Sunday, January 2, 2011
- Thomas Edison
I went to a staff Christmas party where there was, quite literally, some jovial pointing and laughing going on because I don't shop at Wal-Mart, don't eat at McDonalds, and have never owned a car. Of course there are good reasons for these lifestyle choices, but that's besides the point. If you're the EcoSchool rep, and you live by your convictions when it's not too difficult, then you might be perceived as being a bit of a freak show. And that just sucks.
However, I was quite impressed by the instinctive social mechanisms that create community through conformity. People who are different are relegated to the out-group until they start to tow the line. That's a useful dynamic if we want to train people to be honest and trustworthy, ostracizing those that lie, cheat or steal. It's just really unfortunate that what we conform to today has been largely determined by industry - consumerist mantras in the form of jingles. Have you had a break today?
The question is, how do we make living with a conscientious worldview the in thing to do?
It's easier not to care, and that won't likely change unless we're willing to elect a totalitarian government who will make us live ethically. So it can't be a matter of making everything environmental easier to do. It has to be cool to be eco-friendly. We've got celebrity endorsements on our side, but that's not enough. It has to be younger and hipper. I wonder if a different teacher could get more people on board. Hmmm...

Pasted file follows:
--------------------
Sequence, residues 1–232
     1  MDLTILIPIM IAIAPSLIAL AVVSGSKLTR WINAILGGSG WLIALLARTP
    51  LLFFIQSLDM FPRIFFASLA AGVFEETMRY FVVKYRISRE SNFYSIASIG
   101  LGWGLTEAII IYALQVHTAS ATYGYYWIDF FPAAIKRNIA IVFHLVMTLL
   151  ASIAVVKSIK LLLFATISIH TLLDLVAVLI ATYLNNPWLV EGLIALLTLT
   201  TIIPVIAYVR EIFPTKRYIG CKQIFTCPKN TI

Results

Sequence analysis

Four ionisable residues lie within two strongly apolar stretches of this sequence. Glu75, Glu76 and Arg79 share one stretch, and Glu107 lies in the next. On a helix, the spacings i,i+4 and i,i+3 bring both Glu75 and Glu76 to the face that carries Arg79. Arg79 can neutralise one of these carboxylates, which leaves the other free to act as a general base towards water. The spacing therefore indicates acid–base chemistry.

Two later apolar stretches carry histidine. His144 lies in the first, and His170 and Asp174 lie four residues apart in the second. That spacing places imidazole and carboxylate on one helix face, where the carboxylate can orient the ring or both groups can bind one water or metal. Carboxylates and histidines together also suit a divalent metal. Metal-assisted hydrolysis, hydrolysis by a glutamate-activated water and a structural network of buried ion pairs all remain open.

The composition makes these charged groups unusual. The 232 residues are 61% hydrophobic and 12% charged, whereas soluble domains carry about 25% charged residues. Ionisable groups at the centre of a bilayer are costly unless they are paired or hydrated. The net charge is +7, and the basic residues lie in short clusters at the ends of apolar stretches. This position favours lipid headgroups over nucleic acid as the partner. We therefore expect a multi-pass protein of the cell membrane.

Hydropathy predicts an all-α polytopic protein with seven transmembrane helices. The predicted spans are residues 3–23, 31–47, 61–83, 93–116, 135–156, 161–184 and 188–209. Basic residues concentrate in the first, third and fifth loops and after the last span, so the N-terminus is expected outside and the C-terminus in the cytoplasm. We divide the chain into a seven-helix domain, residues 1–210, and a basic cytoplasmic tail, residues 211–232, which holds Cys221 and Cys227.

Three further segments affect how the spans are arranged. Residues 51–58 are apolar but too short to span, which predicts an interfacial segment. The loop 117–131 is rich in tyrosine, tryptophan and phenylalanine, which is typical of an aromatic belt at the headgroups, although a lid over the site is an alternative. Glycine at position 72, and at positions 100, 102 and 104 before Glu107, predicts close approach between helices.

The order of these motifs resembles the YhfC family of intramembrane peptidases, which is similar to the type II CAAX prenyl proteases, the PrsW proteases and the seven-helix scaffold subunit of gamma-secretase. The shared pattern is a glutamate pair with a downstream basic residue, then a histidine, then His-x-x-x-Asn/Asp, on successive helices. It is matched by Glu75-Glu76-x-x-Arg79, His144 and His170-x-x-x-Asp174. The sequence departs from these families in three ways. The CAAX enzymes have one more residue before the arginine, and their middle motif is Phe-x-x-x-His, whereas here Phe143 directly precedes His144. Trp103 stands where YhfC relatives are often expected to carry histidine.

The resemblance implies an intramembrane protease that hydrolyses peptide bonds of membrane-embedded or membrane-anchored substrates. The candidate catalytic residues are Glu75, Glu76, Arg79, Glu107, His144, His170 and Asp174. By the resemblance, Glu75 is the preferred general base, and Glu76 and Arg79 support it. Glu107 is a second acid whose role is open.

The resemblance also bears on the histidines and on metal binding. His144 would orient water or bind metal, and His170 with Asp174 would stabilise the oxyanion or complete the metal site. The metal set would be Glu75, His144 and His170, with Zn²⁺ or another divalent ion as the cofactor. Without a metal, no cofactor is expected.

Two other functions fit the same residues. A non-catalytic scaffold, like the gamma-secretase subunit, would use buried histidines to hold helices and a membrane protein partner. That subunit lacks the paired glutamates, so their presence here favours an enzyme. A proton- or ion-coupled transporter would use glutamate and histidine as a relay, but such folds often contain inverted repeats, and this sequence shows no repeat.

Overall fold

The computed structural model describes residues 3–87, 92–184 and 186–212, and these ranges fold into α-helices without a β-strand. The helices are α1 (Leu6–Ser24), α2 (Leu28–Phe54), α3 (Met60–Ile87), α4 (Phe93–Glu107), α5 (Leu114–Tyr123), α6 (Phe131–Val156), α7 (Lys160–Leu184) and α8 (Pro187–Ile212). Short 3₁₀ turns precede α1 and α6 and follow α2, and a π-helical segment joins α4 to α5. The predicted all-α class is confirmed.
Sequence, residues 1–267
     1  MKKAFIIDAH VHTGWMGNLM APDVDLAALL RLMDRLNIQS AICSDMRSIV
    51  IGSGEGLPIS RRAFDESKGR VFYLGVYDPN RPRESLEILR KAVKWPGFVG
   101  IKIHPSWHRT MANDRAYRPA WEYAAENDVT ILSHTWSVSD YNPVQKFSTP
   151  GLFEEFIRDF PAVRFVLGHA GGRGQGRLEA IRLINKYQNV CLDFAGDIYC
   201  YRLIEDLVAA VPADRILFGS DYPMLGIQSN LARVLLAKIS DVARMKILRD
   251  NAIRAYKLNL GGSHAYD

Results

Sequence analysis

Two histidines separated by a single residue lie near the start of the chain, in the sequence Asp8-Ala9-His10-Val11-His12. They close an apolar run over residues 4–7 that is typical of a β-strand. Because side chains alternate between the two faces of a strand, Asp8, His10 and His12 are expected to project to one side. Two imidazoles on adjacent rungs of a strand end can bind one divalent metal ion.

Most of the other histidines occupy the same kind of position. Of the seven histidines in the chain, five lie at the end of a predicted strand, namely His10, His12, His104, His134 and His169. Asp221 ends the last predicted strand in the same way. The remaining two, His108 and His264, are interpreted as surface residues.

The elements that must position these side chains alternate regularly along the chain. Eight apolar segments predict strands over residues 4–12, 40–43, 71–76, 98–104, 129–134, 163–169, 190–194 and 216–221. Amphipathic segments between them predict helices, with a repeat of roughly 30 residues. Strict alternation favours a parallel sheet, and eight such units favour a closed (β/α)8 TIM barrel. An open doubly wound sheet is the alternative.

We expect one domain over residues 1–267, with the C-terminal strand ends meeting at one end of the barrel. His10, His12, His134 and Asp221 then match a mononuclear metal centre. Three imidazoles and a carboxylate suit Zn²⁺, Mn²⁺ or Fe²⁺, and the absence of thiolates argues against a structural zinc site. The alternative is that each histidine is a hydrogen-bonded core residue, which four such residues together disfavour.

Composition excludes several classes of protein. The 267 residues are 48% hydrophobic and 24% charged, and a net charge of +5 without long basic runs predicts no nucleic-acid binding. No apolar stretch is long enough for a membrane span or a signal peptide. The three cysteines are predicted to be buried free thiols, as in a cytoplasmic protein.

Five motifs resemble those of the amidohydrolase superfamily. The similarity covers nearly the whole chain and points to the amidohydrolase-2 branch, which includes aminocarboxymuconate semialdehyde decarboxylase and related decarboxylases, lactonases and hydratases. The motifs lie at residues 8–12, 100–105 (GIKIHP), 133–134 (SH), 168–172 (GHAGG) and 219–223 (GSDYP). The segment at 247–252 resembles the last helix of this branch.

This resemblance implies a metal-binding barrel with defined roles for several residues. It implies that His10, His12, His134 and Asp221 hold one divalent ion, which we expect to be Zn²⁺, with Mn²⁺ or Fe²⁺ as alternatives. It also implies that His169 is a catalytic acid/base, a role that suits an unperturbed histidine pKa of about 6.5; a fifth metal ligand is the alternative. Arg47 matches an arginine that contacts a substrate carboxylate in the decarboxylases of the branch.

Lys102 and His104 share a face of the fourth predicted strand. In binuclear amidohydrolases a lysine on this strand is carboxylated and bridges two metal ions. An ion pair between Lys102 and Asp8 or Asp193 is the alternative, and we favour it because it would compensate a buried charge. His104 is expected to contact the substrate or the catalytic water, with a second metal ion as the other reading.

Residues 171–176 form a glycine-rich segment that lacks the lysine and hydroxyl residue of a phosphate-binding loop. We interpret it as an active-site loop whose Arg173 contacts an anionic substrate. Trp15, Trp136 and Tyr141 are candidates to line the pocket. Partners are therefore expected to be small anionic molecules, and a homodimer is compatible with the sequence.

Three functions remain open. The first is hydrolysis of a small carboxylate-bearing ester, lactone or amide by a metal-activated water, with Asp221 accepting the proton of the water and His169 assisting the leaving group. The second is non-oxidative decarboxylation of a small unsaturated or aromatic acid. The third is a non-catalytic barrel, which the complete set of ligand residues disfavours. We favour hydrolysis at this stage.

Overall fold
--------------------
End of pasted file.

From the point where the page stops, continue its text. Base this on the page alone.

But back to me. One time I walked into a room with colleagues finishing their lunch, and one teacher said to the other, "Uh oh, we'll have to recycle today. Marie's here." I'm the bad guy, the eco-police. People feel like they have to be careful around me. And, truth be told, it never stops surprising me that people don't automatically recycle or compost or walk places. Some eco-behaviours that were once ingrained in society, have actually been lost. We were trained not to litter as kids. Once the indoctrination between cartoons ended, the behaviour ended for the next generation. It's curious how briefly good ideas stick around before they disappear and have to be re-introduced.
If someone puts recycling in the garbage, I'll question it because it's so baffling to me, or I'll just take it out myself and put it six inches to the left in the recycling bin which makes me a garbage-picker. Excellent. If I see people with a single-use cup every day, or even several times a day, I'll suggest they get a travel mug, or even offer to buy them one. It's no wonder people avoid me. It's a tricky line to walk: reminding and encouraging people to get on board without being a thorn in their side or seeming self-righteous.
Maybe I just take being a gold-standard eco-school way too seriously and should just cut corners: fudge the results, only compost in the staff room for instance (which still counts as composting), not actually try to decrease waste or energy, but just do the bare minimum to continue to qualify for a sticker each year. Forget about the whole point of the program, and just go for it as a status symbol to attract more students to our school.